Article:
A Farm for Dwenjang?

Although not worth a special trip on its own, if you happen to be visiting Anseong, stop in at the Seoilnong-won. It’s an old-fashioned farm that’s been updated for visitors to see how “dwenjang,” Korea’s fermented soybean paste is made. And they do it the old-fashioned way.


The traditional way of making dwenjang was to take dried soybeans, boil them, then grind them with a large stone mill into coarse bits. Then, the paste is formed into bricks called “meju” and left to dry (the air circulation helps with the fermentation process). A couple of months later (depending on the size of the meju), the meju and some added birne are put into large brown pots (hang-alli) and left covered in the sunlight to ferment further. The pottery allowed for a bit of circulation of air, while keeping bugs and other undesirables away.

When the fermentation process is complete, the liquid and solids are separated. The liquid becomes Korean soy sauce (ganjang) and the solids make dwenjang. Although Korean soybean paste is often compared to Japanese miso, dwenjang is chunkier and has bits of soybean in it. It’s actually more akin to the Chinese dajiang, popular in Northeastern Chinese provinces.

Dwenjang can be eaten as a dip with fresh vegetables (like carrots, cucumber and green chile peppers) or used to make a salty stew, called “dwenjang jjigae.” You might have seen a side of seasoned dwenjang to add to your meat and lettuce wrap at your favorite Korean barbecue restaurant.


At the Seoilnong-won are some old farm implements, a well and a small pear orchard. But the big draw are the rows and rows of dark-brown hang-alli filled with the dwenjang, hanging out in the sunlight.

The best time to visit is on a Saturday (April-October) when Anseong Namsadang Nori offer free performances all day at the nearby village.

4 thoughts on “A Farm for Dwenjang?

    • I didn’t, unfortunately! I was driving all around the countryside and I didn’t want to drive around for weeks with a stinky jar of dwenjang in the trunk. But I hope to go back during lunch hour when they have the restaurant open.

  1. Hi there – I bought your cookbook while vacationing in Maui last year and brought it home with me to LA. Since then I’ve been cooking pretty madly with it and wanted to tell you how much I’ve enjoyed the recipes! Your recipes have made cooking Korean at home much less intimidating for me. I’ve probably tried at least a third of the recipes and each has turned out well. Just this morning I finished making my second batch of the cabbage kimchee. I also just bought my first dolsot (sp?) this weekend. Yay! Being Chinese it’s nice to be able to occasionally blend some of the Korean dishes with Chinese to round out a meal or just make it more interesting. Thanks so much for creating this cookbook, I know we’ll be enjoying it for a long time. I hope there will be another soon!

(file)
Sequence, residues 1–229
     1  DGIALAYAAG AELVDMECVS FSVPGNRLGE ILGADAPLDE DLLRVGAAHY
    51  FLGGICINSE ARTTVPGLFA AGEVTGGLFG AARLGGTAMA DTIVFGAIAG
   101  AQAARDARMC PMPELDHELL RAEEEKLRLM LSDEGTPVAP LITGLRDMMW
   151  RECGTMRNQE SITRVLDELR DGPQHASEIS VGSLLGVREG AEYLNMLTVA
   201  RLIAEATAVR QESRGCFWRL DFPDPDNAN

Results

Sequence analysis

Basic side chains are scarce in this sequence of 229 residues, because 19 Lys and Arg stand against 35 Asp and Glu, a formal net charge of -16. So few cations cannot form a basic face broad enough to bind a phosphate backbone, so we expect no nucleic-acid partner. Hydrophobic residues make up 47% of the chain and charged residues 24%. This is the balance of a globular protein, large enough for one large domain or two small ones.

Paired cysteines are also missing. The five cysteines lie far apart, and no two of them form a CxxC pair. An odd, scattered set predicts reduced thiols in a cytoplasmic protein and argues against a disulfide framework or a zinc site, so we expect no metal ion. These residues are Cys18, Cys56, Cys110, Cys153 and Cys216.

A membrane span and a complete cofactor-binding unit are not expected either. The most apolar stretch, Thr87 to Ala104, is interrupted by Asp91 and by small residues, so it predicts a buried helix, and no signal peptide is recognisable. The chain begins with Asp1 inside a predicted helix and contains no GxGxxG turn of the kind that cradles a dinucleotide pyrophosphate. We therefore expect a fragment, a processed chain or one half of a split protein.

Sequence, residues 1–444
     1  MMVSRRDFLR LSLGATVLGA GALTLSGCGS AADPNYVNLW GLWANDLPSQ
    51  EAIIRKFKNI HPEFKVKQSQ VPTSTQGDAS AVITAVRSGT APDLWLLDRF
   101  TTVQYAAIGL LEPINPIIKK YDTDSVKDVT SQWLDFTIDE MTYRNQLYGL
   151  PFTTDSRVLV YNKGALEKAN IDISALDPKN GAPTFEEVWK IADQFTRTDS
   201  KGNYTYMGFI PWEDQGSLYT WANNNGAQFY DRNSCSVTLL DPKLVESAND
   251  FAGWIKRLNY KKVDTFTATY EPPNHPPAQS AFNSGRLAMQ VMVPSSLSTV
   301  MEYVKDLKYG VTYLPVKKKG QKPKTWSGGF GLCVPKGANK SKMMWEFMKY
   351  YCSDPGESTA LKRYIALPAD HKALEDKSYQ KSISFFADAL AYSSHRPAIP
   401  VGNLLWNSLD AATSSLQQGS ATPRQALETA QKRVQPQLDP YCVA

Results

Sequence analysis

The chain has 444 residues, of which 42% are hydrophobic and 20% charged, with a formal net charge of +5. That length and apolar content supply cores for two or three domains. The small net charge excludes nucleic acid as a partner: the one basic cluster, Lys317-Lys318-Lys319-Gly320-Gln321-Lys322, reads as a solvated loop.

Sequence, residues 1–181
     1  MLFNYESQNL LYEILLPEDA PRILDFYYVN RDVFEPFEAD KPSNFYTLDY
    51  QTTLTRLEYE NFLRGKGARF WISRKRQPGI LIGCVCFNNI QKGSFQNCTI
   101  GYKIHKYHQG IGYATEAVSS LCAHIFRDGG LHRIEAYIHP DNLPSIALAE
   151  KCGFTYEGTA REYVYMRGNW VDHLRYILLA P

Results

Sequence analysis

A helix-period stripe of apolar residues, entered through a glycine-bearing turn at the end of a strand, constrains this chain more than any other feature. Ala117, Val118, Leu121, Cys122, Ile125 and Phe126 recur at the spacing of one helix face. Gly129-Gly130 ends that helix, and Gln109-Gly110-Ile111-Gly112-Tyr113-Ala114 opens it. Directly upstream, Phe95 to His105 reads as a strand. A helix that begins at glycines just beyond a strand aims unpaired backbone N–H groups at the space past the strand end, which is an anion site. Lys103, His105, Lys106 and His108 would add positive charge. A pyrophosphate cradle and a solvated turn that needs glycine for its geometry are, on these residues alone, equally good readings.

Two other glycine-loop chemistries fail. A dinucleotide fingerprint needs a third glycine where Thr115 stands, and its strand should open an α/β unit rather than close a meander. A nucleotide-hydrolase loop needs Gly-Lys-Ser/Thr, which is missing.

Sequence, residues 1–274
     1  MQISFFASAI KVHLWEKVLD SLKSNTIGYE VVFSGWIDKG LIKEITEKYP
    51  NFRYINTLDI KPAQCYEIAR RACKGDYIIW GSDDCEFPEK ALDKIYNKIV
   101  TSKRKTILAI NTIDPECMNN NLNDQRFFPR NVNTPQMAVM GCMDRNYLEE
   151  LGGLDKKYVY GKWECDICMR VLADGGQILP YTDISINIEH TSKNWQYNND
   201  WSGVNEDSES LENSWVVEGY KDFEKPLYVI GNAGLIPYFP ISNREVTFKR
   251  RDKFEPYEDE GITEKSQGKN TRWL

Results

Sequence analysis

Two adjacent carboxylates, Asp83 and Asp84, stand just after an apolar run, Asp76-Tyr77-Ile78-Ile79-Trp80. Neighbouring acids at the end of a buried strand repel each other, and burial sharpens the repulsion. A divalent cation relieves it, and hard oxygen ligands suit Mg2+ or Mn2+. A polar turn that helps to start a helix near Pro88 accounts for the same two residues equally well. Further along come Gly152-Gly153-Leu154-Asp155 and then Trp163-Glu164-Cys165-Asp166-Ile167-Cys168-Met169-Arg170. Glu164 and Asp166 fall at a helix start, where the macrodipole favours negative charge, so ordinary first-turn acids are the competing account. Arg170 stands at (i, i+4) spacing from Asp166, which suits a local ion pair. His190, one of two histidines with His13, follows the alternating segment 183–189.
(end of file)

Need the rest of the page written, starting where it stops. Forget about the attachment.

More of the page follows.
If I sound a little bit like a crazed fan please forgive me, but there is a true lack of Korean cookbooks for the English-speaking world.

  2. Hi Yuan,

    I’m so glad you’re enjoying my cookbook. I DID write it as an introductory tome for people to not be intimidated about cooking Korean food in their home kitchens, so I’m happy to hear that it’s doing what I set out to do. I hope to write more Korean cookbooks in the future, since I’m one of the few people in the world that can write in English and cook Korean food.

    My next cookbook (which is coming out in 2011) is Quick and Easy Mexican Cooking, so if you’re interested in trying your hand at Latin flavors, I hope you’ll check it out, too (I just turned in the manuscript but it takes my publisher a year to do design, try out the recipes, photograph them etc.)

    You’ll have to share with me some Chinese dishes, too.


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